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The 25 Most Important Private Companies

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The companies were selected based on a combination of factors: their prodigious revenues or assets, their social currency, their deep connection to our daily lives, and (particularly for the newer and smaller companies), their disruptive impact.

For more on the 25 Most Important Private Companies, see "Companies Find a New Allure in Going Private."


By Erika Fry, Leigh Gallagher, Vivian Giang, Erin Griffith, Robert Hackett, Mathew Ingram, John Kell, Beth Kowitt, Adam Lashinsky, Michal Lev-Ram, Sy Mukherjee, Brian O’Keefe, and Christopher Tkaczyk

Fortune has long celebrated the achievements of massive publicly-held corporations in lists such as the long-running Fortune 500. Today, as even super-hot startups forgo IPOs (at least for now), and some public behemoths turn private, the time has come to recognize the hugely significant contributions of those corporations that choose not to sell their stock to the public.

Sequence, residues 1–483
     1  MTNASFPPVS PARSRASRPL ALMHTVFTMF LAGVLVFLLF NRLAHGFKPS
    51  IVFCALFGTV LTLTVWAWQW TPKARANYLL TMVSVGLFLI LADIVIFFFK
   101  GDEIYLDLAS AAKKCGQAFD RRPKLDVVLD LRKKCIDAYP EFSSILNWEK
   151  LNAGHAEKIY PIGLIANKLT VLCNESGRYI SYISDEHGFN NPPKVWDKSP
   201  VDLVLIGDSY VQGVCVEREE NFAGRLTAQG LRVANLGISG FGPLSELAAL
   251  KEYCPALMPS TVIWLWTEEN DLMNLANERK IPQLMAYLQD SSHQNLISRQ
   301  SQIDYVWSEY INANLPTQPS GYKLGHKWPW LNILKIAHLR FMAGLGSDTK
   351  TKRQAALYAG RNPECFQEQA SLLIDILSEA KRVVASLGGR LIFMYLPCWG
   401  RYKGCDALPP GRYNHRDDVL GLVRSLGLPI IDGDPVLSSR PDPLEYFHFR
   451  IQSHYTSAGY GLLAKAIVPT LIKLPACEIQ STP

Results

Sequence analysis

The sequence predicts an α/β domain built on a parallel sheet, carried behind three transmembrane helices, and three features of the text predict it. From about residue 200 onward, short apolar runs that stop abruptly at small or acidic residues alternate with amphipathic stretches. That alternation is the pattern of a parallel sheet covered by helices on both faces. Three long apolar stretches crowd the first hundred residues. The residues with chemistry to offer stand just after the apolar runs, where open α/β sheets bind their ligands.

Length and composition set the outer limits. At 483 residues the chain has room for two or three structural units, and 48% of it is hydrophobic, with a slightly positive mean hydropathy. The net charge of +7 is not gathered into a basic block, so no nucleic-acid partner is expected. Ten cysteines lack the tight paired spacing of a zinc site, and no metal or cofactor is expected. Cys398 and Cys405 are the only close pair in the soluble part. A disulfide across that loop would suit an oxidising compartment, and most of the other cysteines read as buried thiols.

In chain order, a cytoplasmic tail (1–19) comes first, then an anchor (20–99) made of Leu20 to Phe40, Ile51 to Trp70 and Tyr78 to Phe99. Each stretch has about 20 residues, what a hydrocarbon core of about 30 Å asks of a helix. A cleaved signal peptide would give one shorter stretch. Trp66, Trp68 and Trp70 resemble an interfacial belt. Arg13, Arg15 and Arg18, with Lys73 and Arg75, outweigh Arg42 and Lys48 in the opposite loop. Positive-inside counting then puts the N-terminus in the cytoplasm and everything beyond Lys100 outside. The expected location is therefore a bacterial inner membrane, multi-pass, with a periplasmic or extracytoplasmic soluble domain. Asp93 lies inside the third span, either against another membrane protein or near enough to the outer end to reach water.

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Bridgewater Associates

Ray Dalio, founder of Bridgewater Associates
Photograph by David A. Grogan — CNBC/NBCU Photo Bank via Getty Images

Everything about Bridgewater is radical, from its size to its culture. With more than $150 billion under management, it’s the world’s biggest hedge fund company and has produced a net gain of $45 billion, the most in hedge fund history, according to LCH Investments. (Clients are institutions such as pension funds.) Its flagship $70 bil­lion Pure Alpha fund has averaged 13% annual returns since 1991. The firm is known for founder Ray Dalio’s culture of transparency, governed by 210 “principles.” (Sample: “Only believable people have a right to opinions.”) Recent tensions at the top led the firm to hire ex–Apple exec Jon Rubinstein as co-CEO.

Company Info

CEO Jon Rubinstein and Eileen Murray (Co-CEOs)
HQ location Westport, Conn.

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